Market Insider

Wall Street looks to earnings to confirm valuations

The stock market, while volatile, could be stuck in neutral in the near term, as investors wait for the next wave of corporate earnings to confirm valuations that have the S&P 500 not far from record highs.

"We've gone dramatically sideways so far this year; I don't see that changing until we get into the meat of the earnings season," said Paul Nolte, senior vice president and portfolio manager at Kingsview Asset Management.

That leaves investors watching lots of basketball games until the second week of April, joked Nolte.

Traders on the floor of the New York Stock Exchange.
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While some companies have already reported first-quarter results, including Lennar and ConAgra Foods on Thursday, the bulk of companies are expected to report first-quarter earnings between April 15 and May 2.

"We've had a handful of companies that have reported, and a lot of them blame the weather. Expectations were lowered and interest rates have come down, which paved the way for positive surprises," said Nick Raich, CEO of the Earnings Scout.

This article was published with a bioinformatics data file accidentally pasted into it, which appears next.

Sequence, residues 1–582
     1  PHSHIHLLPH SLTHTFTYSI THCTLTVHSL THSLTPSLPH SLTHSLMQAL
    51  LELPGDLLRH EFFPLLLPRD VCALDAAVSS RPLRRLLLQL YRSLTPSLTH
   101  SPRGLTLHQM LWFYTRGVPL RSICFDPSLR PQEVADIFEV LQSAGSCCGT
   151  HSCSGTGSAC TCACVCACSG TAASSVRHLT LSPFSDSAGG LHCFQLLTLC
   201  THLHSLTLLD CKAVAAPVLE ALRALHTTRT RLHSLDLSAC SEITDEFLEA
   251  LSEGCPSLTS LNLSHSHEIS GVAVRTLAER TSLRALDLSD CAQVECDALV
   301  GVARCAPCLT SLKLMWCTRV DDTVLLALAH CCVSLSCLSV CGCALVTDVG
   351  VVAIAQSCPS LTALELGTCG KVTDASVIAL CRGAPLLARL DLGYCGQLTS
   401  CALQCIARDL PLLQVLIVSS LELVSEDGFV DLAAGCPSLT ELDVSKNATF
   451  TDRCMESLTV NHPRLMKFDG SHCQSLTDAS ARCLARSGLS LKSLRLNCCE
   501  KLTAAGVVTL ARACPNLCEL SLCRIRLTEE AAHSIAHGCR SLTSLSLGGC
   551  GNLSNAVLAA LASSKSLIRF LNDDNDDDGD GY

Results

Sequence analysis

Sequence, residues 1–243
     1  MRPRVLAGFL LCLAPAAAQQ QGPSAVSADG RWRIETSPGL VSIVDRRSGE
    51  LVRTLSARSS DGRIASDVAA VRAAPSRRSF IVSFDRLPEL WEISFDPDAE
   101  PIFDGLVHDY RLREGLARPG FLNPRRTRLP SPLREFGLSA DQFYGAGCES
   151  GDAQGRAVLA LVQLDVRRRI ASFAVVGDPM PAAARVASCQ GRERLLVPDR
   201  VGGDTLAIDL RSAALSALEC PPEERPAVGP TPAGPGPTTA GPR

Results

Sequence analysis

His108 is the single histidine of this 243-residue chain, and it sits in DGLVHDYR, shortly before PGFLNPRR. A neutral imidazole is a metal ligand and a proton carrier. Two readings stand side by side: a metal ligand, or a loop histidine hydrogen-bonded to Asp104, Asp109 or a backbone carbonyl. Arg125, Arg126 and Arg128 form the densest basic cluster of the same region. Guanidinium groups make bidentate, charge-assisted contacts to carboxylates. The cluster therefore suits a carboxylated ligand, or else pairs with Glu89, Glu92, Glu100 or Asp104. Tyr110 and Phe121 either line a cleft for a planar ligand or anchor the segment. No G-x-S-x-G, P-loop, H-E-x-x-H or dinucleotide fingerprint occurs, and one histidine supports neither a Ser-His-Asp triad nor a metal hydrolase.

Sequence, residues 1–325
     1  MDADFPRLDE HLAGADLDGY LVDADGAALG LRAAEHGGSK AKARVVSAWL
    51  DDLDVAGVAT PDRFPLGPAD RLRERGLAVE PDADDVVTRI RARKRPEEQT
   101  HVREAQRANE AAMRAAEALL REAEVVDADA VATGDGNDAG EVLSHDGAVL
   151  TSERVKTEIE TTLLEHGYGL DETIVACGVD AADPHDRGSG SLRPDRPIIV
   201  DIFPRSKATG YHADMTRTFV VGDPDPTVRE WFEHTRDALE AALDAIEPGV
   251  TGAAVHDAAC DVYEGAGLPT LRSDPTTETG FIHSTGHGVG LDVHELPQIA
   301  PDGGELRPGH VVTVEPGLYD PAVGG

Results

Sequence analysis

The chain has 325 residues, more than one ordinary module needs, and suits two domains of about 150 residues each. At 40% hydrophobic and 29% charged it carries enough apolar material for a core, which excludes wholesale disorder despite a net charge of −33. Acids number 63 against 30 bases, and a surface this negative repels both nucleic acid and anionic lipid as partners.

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"You have full valuations in the market. That doesn't mean stocks can't go up more, but the news has to be more precise," said Mark Luschini, chief investment strategist at Janney Montgomery Scott.

And, while economic reports have recently been better, albeit it spotty, "we need more to prove a pattern is persisting, that we're back on track to better economic growth like we thought at the end of last year," said Luschini.

"We're back to needing earnings to do the heavy lifting," he added.

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But for Raich, expectations for the economy and earnings have much to do with interest rates.

In view of current earnings expectations and the level of employment, the 3 percent threshold on the 10-year Treasury yield and 4.75 percent on 30-year fixed mortgages can't be raised "without having another adverse impact on overall earnings revision trends," said Raich.

"The market is at the higher end of valuation ranges, so we're hoping for, and expecting to see, better earnings numbers to be supportive of higher stock prices," said Nolte.

—By CNBC's Kate Gibson.